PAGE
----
if(this.commission != that.commission) return false;

3. Start with comparing between properties that most likely to differ first. So, In Date class, we started by comparing the day, month, then year.

Make hashCode() method consistent with equals()

There is a method called hashCode(), which returns a hash code value for the object. It’s useful when using hash tables.

The problem is, hashing is so tied to equality, meaning, if you have changed what it means for your objects to be equal, you should also change the hash method too.

So, it’s necessary to override the hashCode() method whenever equals() method is overridden, so as to maintain the general contract for the hashCode() method, which states that equal objects must have equal hash codes.

Whenever x.equals(y), then x.hashCode() must be same as y.hashCode().

The bottom line is, If you override one, then you should override the other, and use the same set of fields that you use to compute equals() & hashCode().

Make compareTo() method consistent with equals()

If you implement Comparable in your class, and so you use compareTo() method to compare between objects, you need to override equals() method (together with hashCode()) to get consistent results.

That is, for every pair of objects x and y in any give Comparable type, it should be the case that x.equals(y) if and only if (x.compareTo(y) == 0).

Now, you might be asking, which one to use for testing equality; equals() or compareTo()?

Using equals() Vs compareTo() for testing equality

Both should be consistent (as we said), but, even if they are consistent, they aren’t interchangeable; can’t use one instead of another, Why? Because in some situations, you may get different results (see differences below).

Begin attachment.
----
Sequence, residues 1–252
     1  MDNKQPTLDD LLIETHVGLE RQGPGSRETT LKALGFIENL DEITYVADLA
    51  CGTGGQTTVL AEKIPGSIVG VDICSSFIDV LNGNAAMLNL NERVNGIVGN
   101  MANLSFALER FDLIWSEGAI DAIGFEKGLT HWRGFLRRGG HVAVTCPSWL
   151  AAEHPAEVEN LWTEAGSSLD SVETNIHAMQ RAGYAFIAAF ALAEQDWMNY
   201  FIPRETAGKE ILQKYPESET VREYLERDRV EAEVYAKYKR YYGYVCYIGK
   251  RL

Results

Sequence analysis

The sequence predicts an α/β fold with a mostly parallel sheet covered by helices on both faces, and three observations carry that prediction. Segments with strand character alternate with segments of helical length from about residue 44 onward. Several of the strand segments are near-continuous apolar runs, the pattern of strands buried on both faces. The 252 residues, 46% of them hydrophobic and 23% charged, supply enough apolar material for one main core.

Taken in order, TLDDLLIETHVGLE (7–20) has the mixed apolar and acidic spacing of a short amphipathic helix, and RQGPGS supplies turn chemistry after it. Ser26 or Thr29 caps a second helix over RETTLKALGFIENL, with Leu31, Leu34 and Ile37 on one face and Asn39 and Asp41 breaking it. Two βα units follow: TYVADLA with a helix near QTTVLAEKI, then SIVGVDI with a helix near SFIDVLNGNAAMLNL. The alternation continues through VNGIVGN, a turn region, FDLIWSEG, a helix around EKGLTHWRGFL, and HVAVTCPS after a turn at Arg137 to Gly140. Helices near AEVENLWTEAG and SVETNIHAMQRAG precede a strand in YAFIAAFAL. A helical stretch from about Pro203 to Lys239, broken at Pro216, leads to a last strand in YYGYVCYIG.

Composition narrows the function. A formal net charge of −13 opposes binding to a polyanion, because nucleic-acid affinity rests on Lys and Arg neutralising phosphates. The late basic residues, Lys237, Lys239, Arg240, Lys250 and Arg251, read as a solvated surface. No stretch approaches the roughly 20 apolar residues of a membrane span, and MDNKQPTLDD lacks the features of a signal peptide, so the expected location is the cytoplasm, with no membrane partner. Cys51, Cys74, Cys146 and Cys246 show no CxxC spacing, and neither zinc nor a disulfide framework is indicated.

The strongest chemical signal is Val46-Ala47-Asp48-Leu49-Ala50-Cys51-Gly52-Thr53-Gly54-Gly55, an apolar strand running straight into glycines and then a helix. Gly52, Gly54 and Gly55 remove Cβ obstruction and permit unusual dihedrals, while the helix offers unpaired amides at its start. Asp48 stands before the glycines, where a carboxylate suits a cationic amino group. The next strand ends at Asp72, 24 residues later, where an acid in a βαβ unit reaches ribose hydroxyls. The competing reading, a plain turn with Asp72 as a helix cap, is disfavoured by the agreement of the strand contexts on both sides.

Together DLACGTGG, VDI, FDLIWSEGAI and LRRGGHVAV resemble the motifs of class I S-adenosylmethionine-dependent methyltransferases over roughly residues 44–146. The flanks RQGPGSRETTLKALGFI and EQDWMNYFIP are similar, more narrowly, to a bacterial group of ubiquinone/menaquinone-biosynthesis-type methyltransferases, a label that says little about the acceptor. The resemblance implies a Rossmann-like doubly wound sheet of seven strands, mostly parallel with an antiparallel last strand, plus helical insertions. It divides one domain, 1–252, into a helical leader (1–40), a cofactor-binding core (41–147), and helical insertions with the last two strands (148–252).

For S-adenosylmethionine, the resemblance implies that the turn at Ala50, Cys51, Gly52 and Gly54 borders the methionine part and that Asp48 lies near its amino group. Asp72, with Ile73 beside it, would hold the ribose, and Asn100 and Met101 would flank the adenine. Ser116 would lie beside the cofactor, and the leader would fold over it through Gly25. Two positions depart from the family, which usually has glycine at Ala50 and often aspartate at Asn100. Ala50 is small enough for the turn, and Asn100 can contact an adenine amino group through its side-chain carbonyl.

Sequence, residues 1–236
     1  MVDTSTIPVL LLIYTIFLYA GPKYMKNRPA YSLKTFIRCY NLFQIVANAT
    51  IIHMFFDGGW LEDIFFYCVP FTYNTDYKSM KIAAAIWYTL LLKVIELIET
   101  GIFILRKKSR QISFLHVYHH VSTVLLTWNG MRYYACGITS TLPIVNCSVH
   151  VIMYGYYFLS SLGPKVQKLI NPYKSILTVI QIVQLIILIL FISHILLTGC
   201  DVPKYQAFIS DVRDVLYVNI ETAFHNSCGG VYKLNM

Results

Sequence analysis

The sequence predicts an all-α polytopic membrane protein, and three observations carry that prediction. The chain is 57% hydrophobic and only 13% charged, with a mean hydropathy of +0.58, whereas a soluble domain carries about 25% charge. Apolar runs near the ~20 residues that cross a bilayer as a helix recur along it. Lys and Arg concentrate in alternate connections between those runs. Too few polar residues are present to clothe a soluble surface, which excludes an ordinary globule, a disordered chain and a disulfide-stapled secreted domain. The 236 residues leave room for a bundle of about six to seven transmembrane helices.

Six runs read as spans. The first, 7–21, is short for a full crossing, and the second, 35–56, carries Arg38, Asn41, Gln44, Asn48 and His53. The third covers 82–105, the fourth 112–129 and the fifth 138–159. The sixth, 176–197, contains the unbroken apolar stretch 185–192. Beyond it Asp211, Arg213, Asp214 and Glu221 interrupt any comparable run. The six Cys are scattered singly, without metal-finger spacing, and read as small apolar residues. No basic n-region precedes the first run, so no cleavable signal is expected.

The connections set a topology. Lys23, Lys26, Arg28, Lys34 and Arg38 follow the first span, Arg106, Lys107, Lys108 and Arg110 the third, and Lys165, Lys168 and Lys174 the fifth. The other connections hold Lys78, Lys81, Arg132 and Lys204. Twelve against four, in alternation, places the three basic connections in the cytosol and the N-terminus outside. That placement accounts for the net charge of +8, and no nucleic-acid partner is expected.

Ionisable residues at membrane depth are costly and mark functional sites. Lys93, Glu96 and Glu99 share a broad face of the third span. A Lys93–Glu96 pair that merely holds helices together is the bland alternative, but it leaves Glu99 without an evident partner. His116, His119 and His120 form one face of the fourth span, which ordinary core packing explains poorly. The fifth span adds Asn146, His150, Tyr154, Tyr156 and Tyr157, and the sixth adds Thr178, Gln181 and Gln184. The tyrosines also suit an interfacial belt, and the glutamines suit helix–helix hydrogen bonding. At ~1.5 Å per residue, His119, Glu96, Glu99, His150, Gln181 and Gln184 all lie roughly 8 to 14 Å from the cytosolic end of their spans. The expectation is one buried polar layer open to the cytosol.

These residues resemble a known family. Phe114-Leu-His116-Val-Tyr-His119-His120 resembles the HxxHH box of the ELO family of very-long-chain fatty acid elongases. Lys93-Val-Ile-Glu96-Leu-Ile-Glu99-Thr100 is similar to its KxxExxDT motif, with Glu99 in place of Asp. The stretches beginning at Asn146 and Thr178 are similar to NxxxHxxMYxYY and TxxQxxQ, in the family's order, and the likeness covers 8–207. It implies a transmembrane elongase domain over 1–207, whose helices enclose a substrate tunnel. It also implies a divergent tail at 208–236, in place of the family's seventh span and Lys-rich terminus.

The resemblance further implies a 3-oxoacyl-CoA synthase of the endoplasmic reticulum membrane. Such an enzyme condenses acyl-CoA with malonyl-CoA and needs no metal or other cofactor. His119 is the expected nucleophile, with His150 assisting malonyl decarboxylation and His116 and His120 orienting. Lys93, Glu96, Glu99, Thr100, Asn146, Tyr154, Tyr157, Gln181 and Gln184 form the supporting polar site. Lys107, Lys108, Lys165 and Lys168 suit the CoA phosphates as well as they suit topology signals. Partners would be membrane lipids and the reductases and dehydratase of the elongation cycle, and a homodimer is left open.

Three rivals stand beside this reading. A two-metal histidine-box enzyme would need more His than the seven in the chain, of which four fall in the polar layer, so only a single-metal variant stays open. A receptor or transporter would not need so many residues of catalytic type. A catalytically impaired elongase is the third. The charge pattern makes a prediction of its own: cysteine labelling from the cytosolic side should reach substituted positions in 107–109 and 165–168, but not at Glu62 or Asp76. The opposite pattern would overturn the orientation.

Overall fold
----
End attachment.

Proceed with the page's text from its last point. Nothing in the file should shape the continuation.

And, If they aren’t consistent, you should mention this fact in your class documentation. The Java documentation says that:

It is strongly recommended, but not strictly required that (x.compareTo(y)==0) == (x.equals(y)). Generally speaking, any class that implements the Comparable interface and violates this condition should clearly indicate this fact.

The differences between equals() and compareTo():

  1. equals(Object b) takes any object as a parameter, but, compareTo() works on objects that implements Comparable Interface.
  2. equals() only tells you whether they’re equal or not(has a specific intent), but compareTo() gives more information on how the objects compare(less or greater than).
  3. equals() returns false if you passed null, but compareTo() should throws a NullPointerException. Note that null is not an object of any class. Therefore, getting different results when passing null doesn’t violates their consistency.

So, The bottom line is when comparing only for equality use equals(), otherwise use compareTo().

OmarElGabry's Blog

This is my freedom area. Don't underestimate it. The devil is in the detail.


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Software Engineer. Going to the moon 🌑. When I die, turn my blog into a story.

OmarElGabry's Blog

This is my freedom area. Don't underestimate it. The devil is in the detail.